HOLY HISTOPLASMOSIS BATMAN
HOLY HISTOPLASMOSIS BATMAN !!! – by Katie Long
January is here and with it comes new beginnings. The thought of a fresh start might make you want to breathe a sigh of relief, but WAIT! Before you open your mouth you might want to take a few moments to think about what you’re actually exposing your lungs to. Those two spongy organs are surrounded by a moist membrane that makes it easy for small particles and spores to settle in and become problematic. Living in a post-industrial society, contaminants in the air are part of daily life which makes it crucial to be in control of your personal Indoor Air Quality (IAQ) every chance you get.
In addition to maintenance and upkeep, a challenge to insuring the effectiveness of any A/C units is dealing with the wide variety of critters who find your business or home as comfy and cozy as you do. While the family cat or dog can compromise your IAQ with fur and dander, the critters I speak of, put them at risk as well. These particular varmints are of the winged variety, pigeons and bats, and in addition to taking up residency in homes or businesses they could be putting you at risk of contracting Histoplasmosis, a respiratory disease caused by airborne fungus of the nastiest variety.
Halloween might be long past, but the chance of having bats in your belfry or Air Handler Units has not decreased, especially if you live in Texas. The United States is home to 47 bat species. Texas has the highest bat diversity of all the states – 31 species in all. Eleven of those can be found in the greater Houston area. News coverage of the growing local bat population has mainly focused on risks related to rabies, but the disease which does not require contact with the beast yet can resemble tuberculosis gets nary a mention. The symptoms of Histoplasmosis are usually flu like and most of those infected don’t realize they have it, which is where the danger lies due to its ability to cause severe scaring of lung tissue or even spreading to other parts of the body such as the eyes or liver.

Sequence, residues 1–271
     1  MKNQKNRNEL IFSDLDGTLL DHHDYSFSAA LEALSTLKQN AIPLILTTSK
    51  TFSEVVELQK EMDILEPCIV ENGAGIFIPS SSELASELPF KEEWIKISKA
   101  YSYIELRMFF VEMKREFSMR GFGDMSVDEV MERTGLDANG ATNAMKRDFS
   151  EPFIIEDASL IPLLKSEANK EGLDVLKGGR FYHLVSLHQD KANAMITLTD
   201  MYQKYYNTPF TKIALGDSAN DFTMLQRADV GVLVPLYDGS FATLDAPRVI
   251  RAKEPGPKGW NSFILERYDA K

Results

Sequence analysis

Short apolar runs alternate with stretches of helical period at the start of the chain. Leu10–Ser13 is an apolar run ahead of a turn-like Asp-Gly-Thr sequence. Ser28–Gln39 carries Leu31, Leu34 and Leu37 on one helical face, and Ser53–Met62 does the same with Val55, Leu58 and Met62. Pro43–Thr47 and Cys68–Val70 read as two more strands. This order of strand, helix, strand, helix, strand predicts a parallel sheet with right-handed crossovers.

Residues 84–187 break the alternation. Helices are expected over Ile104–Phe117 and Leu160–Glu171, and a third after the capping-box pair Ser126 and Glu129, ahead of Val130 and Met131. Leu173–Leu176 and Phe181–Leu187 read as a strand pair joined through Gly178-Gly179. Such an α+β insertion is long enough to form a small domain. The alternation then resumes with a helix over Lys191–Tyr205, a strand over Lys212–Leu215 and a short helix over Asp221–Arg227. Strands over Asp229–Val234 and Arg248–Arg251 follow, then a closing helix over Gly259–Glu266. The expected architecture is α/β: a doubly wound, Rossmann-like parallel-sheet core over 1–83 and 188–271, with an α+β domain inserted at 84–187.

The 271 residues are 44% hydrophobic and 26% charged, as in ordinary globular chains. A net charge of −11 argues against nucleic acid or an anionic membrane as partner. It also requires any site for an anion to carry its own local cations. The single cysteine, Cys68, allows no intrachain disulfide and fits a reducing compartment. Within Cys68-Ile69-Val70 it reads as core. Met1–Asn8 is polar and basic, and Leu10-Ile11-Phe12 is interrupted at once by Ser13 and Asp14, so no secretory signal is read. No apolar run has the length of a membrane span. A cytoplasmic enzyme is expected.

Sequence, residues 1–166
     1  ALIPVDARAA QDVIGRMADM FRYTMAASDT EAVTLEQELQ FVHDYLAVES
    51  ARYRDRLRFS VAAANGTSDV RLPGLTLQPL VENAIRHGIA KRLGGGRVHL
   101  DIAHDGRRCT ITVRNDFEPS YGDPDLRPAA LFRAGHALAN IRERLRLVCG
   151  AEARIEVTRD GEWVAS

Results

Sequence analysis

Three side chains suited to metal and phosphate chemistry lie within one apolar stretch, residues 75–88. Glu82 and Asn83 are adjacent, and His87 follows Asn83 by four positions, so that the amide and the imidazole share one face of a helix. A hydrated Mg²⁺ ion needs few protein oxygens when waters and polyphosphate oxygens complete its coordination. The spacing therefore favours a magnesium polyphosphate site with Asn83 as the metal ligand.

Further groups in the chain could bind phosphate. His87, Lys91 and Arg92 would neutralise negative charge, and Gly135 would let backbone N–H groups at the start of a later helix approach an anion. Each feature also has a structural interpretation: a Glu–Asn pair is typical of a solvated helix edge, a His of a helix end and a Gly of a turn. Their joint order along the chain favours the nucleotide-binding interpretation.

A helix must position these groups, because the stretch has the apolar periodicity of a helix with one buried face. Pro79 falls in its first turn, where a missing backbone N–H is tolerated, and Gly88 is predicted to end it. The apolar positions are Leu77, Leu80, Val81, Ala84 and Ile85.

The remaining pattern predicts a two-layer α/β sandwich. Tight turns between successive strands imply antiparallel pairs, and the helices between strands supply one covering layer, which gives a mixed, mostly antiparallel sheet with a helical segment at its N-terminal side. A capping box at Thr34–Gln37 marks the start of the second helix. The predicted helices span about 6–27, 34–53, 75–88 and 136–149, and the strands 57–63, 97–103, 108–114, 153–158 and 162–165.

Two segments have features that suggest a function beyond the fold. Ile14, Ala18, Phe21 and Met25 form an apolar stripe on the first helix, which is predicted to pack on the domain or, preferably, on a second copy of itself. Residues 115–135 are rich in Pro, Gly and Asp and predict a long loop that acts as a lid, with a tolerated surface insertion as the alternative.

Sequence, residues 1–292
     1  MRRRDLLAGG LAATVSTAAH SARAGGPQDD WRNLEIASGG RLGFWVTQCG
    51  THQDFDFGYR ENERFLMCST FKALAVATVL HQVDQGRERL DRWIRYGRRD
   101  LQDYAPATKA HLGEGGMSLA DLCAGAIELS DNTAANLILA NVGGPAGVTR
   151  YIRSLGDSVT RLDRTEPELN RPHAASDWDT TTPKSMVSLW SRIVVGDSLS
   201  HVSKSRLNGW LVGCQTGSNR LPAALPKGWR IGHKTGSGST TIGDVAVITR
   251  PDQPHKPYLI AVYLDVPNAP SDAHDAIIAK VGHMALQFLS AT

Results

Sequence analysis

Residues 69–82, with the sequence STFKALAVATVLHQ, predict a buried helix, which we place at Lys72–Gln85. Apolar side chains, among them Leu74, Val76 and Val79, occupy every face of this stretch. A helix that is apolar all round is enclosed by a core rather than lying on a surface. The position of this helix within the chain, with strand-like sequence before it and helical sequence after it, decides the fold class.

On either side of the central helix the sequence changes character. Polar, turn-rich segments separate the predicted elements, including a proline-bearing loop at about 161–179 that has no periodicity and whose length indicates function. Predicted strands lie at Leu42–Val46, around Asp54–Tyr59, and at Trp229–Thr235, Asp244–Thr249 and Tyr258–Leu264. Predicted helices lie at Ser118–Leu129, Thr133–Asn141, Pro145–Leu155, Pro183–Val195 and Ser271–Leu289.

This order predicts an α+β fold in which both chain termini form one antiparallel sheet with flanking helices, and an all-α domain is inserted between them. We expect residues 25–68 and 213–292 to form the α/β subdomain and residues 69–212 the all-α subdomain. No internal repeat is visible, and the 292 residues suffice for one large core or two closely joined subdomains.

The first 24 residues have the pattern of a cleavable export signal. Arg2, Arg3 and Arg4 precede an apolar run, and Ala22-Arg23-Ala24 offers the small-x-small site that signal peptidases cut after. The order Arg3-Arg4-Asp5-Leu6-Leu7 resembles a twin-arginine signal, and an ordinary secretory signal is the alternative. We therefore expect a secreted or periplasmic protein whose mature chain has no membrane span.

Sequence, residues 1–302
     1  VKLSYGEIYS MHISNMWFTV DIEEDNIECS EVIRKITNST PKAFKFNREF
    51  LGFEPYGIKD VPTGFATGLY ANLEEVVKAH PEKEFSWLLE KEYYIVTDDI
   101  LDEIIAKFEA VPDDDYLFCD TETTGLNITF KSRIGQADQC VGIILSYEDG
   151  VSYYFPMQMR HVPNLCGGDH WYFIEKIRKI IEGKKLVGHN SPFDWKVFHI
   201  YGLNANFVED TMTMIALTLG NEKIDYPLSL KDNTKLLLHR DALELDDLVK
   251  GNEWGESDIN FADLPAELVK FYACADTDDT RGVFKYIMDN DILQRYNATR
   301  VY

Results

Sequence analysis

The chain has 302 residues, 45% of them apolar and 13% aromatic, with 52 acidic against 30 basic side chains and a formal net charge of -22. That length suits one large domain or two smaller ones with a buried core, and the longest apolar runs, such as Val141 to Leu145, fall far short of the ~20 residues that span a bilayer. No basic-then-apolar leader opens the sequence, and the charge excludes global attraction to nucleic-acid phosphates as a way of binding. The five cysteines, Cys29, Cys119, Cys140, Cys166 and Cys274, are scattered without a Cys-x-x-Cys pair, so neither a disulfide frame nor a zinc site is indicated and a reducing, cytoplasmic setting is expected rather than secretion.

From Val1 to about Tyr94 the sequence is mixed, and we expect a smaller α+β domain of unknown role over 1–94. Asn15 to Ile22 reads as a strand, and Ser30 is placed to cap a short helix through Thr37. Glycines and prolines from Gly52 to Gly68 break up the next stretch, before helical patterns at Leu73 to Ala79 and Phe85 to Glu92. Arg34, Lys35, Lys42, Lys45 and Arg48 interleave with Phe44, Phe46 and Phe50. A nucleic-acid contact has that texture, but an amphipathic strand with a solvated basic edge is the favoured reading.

Histoplasma capsulatum, the fungus that causes the disease is primarily found in the temperate regions of the world and is the most common fungus in the United States. The fungal spores are usually inhaled when a person is exposed to soil with bat or bird droppings (the source of the fungus) but becomes an IAQ issue when these droppings end up in the AHU, return and supply ductwork of an unsuspecting building. This can occur if there is a rooftop unit for the birds to roost on or if the winged culprits find a way to sneak into the system itself. In most cases they nest in the return plenum but in some cases they can travel deep within the system, defecating all the while and many times not being able to find a way out.
Histoplasmosis is a serious IAQ and health hazard and HVAC systems compromised by either bats or pigeons should be dealt with immediately.
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